A licensed immigration adviser has been censured and ordered to pay a penalty of $2000 for her lack of professionalism and due care.

A complaint by Immigration New Zealand against Qing Tian was upheld by the Immigration Advisers Complaints and Disciplinary Tribunal.

The tribunal found Tian had not assessed and applied the immigration instructions with due care and professionalism, and that she had corresponded with INZ in a way that was neither professional nor respectful.

Tian, a director of Phoenix International Consultancy Group Limited, also refused to disclose her full files upon lawful demand by the authority.


She was acting for five clients, all from China, who were seeking residence in New Zealand under the skilled migrant category.

INZ had declined their applications on the grounds that their employment did not meet the skilled employment criteria and that their English did not meet the required threshold.

Appeals lodged by all five on the advice of Tian to the Immigration and Protection Tribunal had also been unsuccessful.

In its decision, the tribunal found Tian had misunderstood the immigration instructions, and that her correspondence with INZ brought the immigration advisers' profession into disrepute.

She had accused named immigration officers and managers of incompetence, racism, dishonesty, exploiting and abusing migrants, corruption, running an immigration scam, malice, of instituting a hate crime against her, criminal harassment and of abusing a complaint process as an act of revenge.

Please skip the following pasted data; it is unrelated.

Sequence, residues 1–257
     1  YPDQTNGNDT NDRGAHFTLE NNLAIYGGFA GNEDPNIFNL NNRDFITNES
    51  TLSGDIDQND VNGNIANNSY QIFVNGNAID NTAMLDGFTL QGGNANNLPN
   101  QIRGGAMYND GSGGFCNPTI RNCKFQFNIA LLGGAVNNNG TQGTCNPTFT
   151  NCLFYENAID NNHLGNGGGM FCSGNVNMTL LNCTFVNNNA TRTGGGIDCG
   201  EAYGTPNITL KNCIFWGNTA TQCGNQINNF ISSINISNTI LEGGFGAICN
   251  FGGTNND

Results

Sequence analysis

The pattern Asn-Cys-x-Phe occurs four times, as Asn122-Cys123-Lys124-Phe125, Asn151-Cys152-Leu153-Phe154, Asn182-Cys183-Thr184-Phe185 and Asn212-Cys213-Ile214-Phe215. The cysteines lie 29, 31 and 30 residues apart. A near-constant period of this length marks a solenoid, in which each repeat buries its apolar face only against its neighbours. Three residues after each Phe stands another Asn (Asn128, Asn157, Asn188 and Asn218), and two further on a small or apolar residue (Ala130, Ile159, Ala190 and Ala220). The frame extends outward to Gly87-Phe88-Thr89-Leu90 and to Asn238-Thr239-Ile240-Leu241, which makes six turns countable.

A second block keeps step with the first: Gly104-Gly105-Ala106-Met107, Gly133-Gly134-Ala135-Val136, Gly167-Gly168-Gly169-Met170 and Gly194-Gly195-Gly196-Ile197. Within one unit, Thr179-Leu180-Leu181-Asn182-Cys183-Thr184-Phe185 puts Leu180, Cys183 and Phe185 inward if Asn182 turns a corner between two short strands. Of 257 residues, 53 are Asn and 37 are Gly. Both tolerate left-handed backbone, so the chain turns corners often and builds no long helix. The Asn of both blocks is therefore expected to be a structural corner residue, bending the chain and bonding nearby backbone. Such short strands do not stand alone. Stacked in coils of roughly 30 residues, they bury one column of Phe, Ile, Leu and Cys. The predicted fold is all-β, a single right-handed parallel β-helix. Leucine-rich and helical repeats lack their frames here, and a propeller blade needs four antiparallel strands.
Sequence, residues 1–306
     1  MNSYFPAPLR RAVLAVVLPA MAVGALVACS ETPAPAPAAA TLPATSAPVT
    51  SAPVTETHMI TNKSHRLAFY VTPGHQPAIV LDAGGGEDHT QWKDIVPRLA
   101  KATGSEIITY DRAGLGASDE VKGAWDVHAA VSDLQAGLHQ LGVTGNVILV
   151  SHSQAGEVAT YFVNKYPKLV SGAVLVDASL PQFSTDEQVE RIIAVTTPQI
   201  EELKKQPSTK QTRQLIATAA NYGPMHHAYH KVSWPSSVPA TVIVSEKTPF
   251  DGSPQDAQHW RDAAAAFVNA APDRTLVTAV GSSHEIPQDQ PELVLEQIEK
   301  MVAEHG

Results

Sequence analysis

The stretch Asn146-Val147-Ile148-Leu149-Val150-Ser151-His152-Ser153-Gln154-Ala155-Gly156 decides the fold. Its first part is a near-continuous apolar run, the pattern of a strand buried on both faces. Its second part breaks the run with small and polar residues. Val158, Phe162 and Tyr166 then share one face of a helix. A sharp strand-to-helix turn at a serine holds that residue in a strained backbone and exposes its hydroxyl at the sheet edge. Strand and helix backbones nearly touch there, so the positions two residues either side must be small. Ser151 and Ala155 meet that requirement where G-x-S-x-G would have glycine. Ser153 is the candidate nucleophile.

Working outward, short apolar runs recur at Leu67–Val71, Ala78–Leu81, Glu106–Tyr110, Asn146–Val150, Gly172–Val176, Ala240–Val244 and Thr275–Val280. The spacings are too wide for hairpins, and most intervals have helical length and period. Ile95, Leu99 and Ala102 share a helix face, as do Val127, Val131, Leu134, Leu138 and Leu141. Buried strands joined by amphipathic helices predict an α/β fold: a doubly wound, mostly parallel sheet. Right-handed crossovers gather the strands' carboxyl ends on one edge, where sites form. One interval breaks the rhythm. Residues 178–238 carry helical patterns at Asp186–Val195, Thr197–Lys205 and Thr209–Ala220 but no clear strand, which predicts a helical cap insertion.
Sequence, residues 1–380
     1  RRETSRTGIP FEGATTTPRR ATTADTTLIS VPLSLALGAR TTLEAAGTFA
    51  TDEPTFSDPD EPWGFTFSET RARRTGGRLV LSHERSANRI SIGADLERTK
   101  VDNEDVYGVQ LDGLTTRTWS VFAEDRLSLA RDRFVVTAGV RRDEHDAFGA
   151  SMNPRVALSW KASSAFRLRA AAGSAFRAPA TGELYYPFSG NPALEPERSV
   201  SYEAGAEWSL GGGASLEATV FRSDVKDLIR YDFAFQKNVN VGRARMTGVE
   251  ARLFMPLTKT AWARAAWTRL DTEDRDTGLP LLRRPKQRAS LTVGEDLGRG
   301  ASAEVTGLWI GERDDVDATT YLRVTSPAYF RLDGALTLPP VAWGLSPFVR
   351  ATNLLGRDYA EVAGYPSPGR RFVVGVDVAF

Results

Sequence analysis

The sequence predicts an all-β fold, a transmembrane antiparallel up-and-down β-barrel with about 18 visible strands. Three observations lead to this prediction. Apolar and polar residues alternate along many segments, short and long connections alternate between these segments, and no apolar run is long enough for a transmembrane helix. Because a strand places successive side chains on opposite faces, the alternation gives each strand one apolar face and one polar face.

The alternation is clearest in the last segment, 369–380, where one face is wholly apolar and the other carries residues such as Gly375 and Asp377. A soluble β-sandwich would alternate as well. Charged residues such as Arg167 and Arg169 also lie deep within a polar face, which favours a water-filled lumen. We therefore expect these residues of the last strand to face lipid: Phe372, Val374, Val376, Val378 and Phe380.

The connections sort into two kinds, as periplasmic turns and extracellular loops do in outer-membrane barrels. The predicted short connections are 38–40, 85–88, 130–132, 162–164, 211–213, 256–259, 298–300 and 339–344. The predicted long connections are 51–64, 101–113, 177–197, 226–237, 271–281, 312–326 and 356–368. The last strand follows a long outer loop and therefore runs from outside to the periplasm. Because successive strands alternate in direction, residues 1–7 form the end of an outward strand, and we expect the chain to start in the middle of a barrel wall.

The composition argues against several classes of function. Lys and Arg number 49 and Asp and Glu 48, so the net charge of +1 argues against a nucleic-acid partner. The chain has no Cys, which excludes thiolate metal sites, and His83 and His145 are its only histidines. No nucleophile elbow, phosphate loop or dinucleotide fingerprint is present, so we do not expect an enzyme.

It was found that the alleged conspiracy against her because she was ethnically Chinese or a successful adviser was a figment of her imagination.

"Most advisers would be horrified by her personal animosity, and her lack of judgment and objectivity in her relationship with Immigration New Zealand," the decision said.

Tian also accused the authority's then registrar of colluding with INZ's complaint, and regarded that as an abuse of process.


Her conduct in relation to correspondence with INZ, the tribunal found, was too serious to be sanctioned by way of caution only.

"It amounted to sustained, personalised attack on not just the competence, but also the integrity and motivation of named officers," the tribunal said.